Nate Silver: I see very little incentive to lock Mora up for the long term. Once a player gets past the age of 32 or so, a big statistical decline like Mora had in 2005 is usually going to be closer to what you'll get going forward.

Ryan Howard (philly): The distribution on my PECOTA is crazy. At the top end, I'm Barry Bonds, at the bottom, I'm Adam LaRoche. Who am I?

Nate Silver: Uh, Ryan Howard?

geehal (LA): Can you explain why PECOTA has BJ Ryan earning much more saves than any other closer?

Nate Silver: Ryan's younger than Mariano Rivera, healthier than Francisco Rodriguez, and strikes out more guys than Huston Street. I don't know why he *shouldn't* be the odds-on favorite to lead the league in saves. FWIW, it also helps that the Blue Jays are projected to have an above average rotation but a below average offense, which tends to lead to a lot of save situations.

TGisriel (Baltimore): Corey Patterson has not impressed during the spring. How long would you give him to start showing some improvement before you decide last year was a true showing of his ability and give up on him?

Nate Silver: I leave him alone and give him 250 plate apperances. I'm not generally much on considering backstory issues, but his head was in a pretty bad place after getting reamed out by Dusty Baker, booed by the bleacher bums, and working with several different hitting coaches.

Anthony (Long Island): Felix Hernandez's 2006 stat line will be...?

Nate Silver: 12-8, 177 IP, 159 K, 68 BB. Wait, isn't that what PECOTA said?

Jason Bartlett (Not Minnesota): Why am I at AAA when Juan Frickin' Castro is the shortstop? Do the Twins not realize I'm a better a hitter and have excellent range?

Nate Silver: As I've alluded, this winter has been enough for me to demote Terry Ryan from about #4 to #14 on my never-to-be-published GM rankings list.

Brent (Raleigh, NC): In North Carolina right now, the Nats-Mets game is being blacked out on ESPN b/c we're considered to be Nat's "territory." Of course, there is no other way to watch Nats games since (unlike the Orioles, our other "home" team) they have no TV station down here, so basically the result is that you never see them play unless you make a trip to RFK. I hear the same is true even for DC residents. Do you have any thoughts on this situation?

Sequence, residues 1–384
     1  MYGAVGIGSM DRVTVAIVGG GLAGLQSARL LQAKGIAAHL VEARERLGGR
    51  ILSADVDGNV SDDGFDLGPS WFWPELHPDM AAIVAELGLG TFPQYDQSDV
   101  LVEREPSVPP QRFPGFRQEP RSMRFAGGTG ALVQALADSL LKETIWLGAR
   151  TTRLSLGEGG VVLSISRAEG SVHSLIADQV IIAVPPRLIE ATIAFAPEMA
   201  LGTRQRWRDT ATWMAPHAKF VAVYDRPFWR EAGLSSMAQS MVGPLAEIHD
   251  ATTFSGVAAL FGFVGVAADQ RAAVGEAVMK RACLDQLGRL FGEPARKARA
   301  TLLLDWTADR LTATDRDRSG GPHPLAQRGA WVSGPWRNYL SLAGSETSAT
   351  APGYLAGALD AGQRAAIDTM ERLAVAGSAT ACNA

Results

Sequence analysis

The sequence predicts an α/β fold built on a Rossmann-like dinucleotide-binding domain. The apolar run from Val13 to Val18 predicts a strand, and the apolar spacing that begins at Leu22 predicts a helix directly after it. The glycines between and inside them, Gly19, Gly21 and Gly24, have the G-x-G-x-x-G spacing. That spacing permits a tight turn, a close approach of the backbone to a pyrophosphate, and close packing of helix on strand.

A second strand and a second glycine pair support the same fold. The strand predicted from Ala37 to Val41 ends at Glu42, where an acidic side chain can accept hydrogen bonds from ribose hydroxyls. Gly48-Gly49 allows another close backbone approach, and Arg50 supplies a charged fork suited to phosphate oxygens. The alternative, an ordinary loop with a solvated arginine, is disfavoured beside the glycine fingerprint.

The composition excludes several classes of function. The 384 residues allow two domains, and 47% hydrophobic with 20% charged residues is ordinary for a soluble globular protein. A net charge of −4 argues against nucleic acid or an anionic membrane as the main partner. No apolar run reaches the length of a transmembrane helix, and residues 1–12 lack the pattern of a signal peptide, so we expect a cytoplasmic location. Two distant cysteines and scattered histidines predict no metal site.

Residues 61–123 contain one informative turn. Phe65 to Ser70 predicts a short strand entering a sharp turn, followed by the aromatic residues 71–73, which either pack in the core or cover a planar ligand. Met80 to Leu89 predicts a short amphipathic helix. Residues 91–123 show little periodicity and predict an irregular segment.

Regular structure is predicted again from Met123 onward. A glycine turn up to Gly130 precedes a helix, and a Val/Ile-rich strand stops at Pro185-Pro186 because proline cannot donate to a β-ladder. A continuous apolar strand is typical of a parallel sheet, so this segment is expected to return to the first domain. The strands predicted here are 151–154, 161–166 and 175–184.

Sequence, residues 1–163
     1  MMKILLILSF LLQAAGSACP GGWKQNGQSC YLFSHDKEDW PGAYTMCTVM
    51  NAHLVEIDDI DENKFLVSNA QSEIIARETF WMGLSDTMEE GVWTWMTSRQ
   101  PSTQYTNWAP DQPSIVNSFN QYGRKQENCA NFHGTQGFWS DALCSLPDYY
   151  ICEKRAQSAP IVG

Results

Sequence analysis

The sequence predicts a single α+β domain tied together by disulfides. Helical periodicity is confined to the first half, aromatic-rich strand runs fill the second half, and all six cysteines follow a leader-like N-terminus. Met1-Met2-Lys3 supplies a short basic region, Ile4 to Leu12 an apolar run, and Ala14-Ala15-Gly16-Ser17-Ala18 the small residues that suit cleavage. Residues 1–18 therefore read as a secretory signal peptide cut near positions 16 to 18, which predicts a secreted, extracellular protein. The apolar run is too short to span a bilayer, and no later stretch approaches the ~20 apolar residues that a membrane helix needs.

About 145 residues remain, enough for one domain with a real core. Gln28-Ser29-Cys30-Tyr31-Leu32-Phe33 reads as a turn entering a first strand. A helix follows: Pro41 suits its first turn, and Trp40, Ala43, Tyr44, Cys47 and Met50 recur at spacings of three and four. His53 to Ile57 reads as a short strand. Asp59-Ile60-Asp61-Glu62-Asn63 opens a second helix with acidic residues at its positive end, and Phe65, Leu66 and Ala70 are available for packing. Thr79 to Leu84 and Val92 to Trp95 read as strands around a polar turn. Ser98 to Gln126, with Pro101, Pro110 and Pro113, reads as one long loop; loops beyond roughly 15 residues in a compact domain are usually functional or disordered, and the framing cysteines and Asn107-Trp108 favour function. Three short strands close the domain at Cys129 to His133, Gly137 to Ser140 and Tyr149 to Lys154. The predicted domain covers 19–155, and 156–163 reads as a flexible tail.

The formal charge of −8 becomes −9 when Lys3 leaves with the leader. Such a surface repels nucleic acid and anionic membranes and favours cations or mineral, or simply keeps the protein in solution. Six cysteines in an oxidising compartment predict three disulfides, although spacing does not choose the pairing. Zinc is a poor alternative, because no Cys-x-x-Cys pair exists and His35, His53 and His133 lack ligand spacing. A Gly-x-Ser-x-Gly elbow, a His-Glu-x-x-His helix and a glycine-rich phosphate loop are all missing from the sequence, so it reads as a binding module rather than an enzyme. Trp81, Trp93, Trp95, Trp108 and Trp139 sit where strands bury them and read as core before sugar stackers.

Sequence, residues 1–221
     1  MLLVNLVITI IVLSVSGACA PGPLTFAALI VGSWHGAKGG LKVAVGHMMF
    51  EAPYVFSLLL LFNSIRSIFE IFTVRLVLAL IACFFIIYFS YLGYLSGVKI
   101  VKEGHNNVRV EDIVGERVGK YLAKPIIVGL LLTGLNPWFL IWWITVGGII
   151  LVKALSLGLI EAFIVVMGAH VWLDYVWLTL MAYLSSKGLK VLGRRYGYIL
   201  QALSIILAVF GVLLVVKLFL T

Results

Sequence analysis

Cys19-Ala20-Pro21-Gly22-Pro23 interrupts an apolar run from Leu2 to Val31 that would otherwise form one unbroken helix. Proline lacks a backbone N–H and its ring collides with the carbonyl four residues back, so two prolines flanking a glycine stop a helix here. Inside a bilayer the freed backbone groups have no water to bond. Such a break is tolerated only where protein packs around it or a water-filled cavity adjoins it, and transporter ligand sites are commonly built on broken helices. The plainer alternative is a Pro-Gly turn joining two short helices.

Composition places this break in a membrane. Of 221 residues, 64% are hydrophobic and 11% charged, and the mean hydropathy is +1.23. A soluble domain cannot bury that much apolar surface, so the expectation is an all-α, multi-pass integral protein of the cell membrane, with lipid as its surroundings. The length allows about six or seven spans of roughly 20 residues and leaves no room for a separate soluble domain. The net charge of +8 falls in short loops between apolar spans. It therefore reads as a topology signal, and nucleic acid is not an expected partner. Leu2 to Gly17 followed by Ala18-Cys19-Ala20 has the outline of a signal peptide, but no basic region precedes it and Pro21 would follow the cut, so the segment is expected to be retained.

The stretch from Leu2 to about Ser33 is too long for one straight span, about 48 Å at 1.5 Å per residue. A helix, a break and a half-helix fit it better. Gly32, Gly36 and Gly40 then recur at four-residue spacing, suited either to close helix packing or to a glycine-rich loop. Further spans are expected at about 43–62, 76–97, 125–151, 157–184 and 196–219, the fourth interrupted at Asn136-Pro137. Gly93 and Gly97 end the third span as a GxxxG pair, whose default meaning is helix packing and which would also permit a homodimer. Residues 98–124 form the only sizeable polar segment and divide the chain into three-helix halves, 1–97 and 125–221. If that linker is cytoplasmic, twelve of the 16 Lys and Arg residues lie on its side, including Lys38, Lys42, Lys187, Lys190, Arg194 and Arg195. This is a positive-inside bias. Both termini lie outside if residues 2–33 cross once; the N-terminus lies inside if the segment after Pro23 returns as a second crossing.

Nate Silver: It's tragic, but I don't see the situation persisting for too much longer, particularly once baseball gets the chance to renegotiate its TV contracts. Blackouts are about as outdated as Betamax.

ScottBehson (Nyack, NY): I am an avid fan of BP, and I know that when smart people have access to good data, they tend to come to similar conclusions. But my one qualm about BP is that it seems as if there are few areas of disagreement among your writers. Can you fill us in on what some of these areas for disagreement may be?

Nate Silver: Major areas of disagreement among the staff:

1) Pitch counts;
2) Importance of stats versus scouting when evaluating prospects.

There are others, too. I recognize that groupthink might have been a problem a couple of years ago, but I think we've largely gotten away from it, especially after adding talent like Kevin Goldstein to the staff. It also helps that the analytical approach has gained so much more currency in industry and fan circles. We can afford to make more subtle and nuanced arguments than we could a couple of years ago, whereas before saying something like "Derek Jeter is a mediocre defensive player" caused so much controversy that the debate tended to begin and end right there.

Nate Silver: I'm going to scoot and leave a bit of energy for the second half of the roundtable tonight. Thank you for all the questions, and happy Opening Day.